How to Start a Sandwich Delivery Business

Updated April 17, 2017

A sandwich delivery business is a low cost business start-up. This business provides sandwich delivery service for restaurants, which can be convenient for workers in commercial business centres or for the local soccer team after a big win. It is a moderately straightforward small business start-up with potential for a budding entrepreneur.

Identify a target market. What part of the local market demands this type of service? In the identified town or community, who is most at need for food delivery services? Is there an assisted living community, a business park, or university in need of this convenience? For restaurant clients, identify an area where a lot of restaurants are located in the target market.

Call quick-service and midscale restaurants that may outsource their delivery service as well as local restaurant establishments that service the target market. Find out if they offer food delivery. If they do not, ask to set up an appointment with the owner or manager to discuss outsourcing this service as a convenience to customers.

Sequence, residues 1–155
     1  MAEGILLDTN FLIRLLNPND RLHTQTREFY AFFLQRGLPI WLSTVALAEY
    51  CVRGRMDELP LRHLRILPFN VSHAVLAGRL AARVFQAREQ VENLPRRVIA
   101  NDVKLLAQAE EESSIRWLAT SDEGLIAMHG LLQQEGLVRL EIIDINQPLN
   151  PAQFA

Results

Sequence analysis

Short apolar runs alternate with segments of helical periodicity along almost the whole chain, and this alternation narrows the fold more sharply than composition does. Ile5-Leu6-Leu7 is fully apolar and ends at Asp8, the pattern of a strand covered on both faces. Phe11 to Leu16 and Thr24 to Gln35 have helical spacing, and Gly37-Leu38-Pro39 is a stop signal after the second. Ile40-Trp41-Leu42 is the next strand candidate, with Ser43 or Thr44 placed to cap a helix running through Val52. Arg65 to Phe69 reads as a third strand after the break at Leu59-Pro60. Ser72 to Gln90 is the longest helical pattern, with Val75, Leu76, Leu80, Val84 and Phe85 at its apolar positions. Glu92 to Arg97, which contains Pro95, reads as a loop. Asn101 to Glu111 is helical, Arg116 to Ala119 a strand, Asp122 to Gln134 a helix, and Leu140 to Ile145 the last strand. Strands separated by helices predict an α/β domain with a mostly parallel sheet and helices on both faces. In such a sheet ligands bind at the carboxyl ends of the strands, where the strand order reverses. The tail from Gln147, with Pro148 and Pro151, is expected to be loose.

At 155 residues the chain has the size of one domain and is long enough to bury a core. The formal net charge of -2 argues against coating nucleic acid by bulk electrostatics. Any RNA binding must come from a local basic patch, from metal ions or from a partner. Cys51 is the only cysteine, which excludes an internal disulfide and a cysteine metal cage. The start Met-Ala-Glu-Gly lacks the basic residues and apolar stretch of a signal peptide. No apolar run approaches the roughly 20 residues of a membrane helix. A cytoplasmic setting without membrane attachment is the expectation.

Establish a limited delivery area, delivery pricing, and time of operations for delivery pickups. It is important to focus on developing restaurant clientele in a particular demographic area. This will insure that the business profits will not all go to the expense of automobile gas and maintenance.

Set up a business website that allows restaurant personnel to enter new order delivery pickup. The delivery service website should be customised to give each restaurant client access to a password protected area to provide notice of a delivery pickup. Depending on the size of the business operation, a delivery dispatcher can monitor the website or a delivery person can receive a direct e-mail and text message alert of the delivery request. Alternatively, a telephone dispatch service can be established.


Build the sandwich shop delivery clientele slowly. This will allow the delivery business to gather a general idea of the frequency of deliveries for each client to avoid becoming overbooked.


This article is for informational purposes only and should not be used as a substitute for tax or legal advice.

Things You'll Need

  • Delivery bags
  • Automobile
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About the Author

Vanessa Cross has practiced law in Tennessee and lectured as an adjunct professor on law and business topics. She has also contributed as a business writer to news publications such as the "Chicago Tribune" and published in peer-reviewed academic journals. Cross holds a B.A. in journalism, a Juris Doctor and an LL.M. in international business law.